Jennifer Loewenstein Archive


From Beirut to Damascus

   by Charles Glass, The Nation



In the autumn of 1972, arriving in Lebanon as a graduate student at the

American University of Beirut, I discovered radical student politics.

The mainly Palestinian-led student movements were only a few years

behind Paris and New York, and strikes were common. When police raided

sit-ins, students sang "We Shall Overcome." Discussions went on all



Caffeine, alcohol, tobacco and hashish stimulated self-criticism

sessions and persuaded many a young woman to hasten the revolution in

bed. One of the more urgent debates was whether the Palestinians should

choose a secular, democratic state in all of Palestine-Israel or

content themselves with a truncated Palestinian state in the West Bank

and Gaza Strip. It did not occur to anyone that the Palestinians'

pop-gun war on Israel's northern border was unlikely to compel the

Israeli government to offer either option. Still, the talking went on.

And on.


A friend took me to his aunt's house in one of the refugee camps for the

Arabs expelled from Palestine in 1948. The young man in the photograph

atop her television, beaming a kind of innocent hope, was her son. He

had died the month before in the Black September kidnapping of Israeli

athletes at the Olympic Games in Munich. My friend and I used to go to a

tailor's shop near the synagogue in Wadi Abou Jamil, Beirut's Jewish

Quarter. The tailor gave us Turkish coffee and joked with my friend

about Palestine. When my friend was 2 years old, in 1948, his mother had

carried him on her back from their village in Galilee over the border

into Lebanon. When they left, the Israelis bulldozed his village and

hundreds of others--lest the refugees have anything to return to. The

tailor, who was born in Lebanon, said he would never leave. The fact

that he could move to Israel anytime, while my friend could not even

visit, made him laugh. The two exchanged jocular ethnic abuse with an

ease unknown to me in California, where race could be a touchy issue.

Today, neither one lives in Lebanon.


Wadi Abou Jamil was a curving road of old, rickety apartment buildings

with shops and cafes on the ground floor. The lovely synagogue in those

days seemed as poorly attended as churches and mosques. At the eastern

edge of what would later be Muslim West Beirut, the Jewish Quarter

became vulnerable in the civil war that began in April 1975. No one

wanted to destroy it. On the contrary, Yasir Arafat's Palestine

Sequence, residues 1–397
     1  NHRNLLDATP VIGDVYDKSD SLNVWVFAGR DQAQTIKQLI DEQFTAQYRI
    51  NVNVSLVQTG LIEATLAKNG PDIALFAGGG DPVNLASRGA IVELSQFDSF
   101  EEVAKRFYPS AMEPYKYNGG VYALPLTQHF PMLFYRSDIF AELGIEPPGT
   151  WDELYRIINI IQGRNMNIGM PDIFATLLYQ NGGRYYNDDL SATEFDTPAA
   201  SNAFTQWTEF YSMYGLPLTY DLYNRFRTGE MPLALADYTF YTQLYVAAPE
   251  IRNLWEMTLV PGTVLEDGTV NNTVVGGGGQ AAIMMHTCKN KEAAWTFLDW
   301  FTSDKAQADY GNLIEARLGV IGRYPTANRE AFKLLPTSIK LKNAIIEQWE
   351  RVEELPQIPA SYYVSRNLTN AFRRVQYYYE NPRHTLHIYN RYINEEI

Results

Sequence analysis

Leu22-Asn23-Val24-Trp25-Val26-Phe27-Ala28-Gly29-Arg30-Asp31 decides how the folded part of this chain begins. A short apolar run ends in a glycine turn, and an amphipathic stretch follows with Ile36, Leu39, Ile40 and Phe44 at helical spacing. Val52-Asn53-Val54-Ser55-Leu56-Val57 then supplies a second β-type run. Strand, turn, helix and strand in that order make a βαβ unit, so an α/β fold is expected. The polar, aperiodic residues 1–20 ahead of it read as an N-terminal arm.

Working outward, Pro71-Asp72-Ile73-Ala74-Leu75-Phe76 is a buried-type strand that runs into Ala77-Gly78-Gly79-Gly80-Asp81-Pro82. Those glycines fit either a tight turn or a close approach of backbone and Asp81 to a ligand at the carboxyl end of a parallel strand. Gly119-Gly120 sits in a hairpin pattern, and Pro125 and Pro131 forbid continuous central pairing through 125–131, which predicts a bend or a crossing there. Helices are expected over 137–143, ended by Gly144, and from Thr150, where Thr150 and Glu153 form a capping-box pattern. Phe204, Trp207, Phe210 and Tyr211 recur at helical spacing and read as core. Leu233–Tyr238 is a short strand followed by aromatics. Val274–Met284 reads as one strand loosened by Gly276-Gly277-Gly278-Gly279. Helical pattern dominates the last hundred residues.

Liberation Organization and the Christian Phalangists fought each other

to defend it--Arafat to prove his movement was not anti-Semitic and the

Phalange to ingratiate itself with Israel. The losers, as often

elsewhere in the world, were the Jews. Their abandoned houses gave

shelter after 1982 to Lebanese Shiite Muslims, who had been displaced by

Israeli bombardment and occupation.


Very old men, red tarbooshes tottering on their wizened heads, looked on

the young generation with skepticism. Coffeehouse politics,

nightclubs and relaxed sexual mores offended their honor. It had been

bad enough when their mothers renounced the veil fifty years earlier,

but daughters unfastening their bras were too much. The old politicians'

collaboration with imperialism, their tawdry compromises and their

betrayal of independence repelled the children. Youth's insistence on

change brought it all down--the tar-

booshes as much as the

coffeehouse debates, the revolutionary aspirations as well as the

Levantine compromises and mixing of peoples. The war it produced let

religion out of church and mosque, twisting a political battle into a

struggle between Jesus and Mohammed that could not be contained within

the borders of Lebanon. The freedom fighters on both sides destroyed the

fabric of the downtown gathering places of all communities--the ancient

souks, smoky restaurants, trading companies and cafes. People and ideas

were segregated by a north-south Green Line, crossed only by bullets and

artillery shells. Of course, the war among the Lebanese was also a

series of wars by proxy between Israel and Syria, Israel and the

Palestinians and Syria and the Palestinians.


Until the war Beirut was a jet-set city. For the visiting rich there

were yacht harbors, casinos, dancing girls, skiing and water-skiing amid

Mediterranean palms and cypresses. They did not see the Palestinian

refugee camps around the airport, the armed Palestinian commandos, the

Phalangist military parades or the slums expanding to accommodate

peasants driven from the south by Israeli bombs and mechanized

farming. The Palestinians had transplanted their revolution from Jordan

to Lebanon in 1971, but their conspiracies, rivalries and

jealousies--rather than their stated ideals of secularism and

democracy--took root in Lebanon's tribal sediment. Kamal Salibi,

Lebanon's historian laureate at the American University of Beirut, used

to tell me the Palestinians had made the mistake of becoming another

Lebanese tribe. The Palestinians' secular revolution died in Lebanon at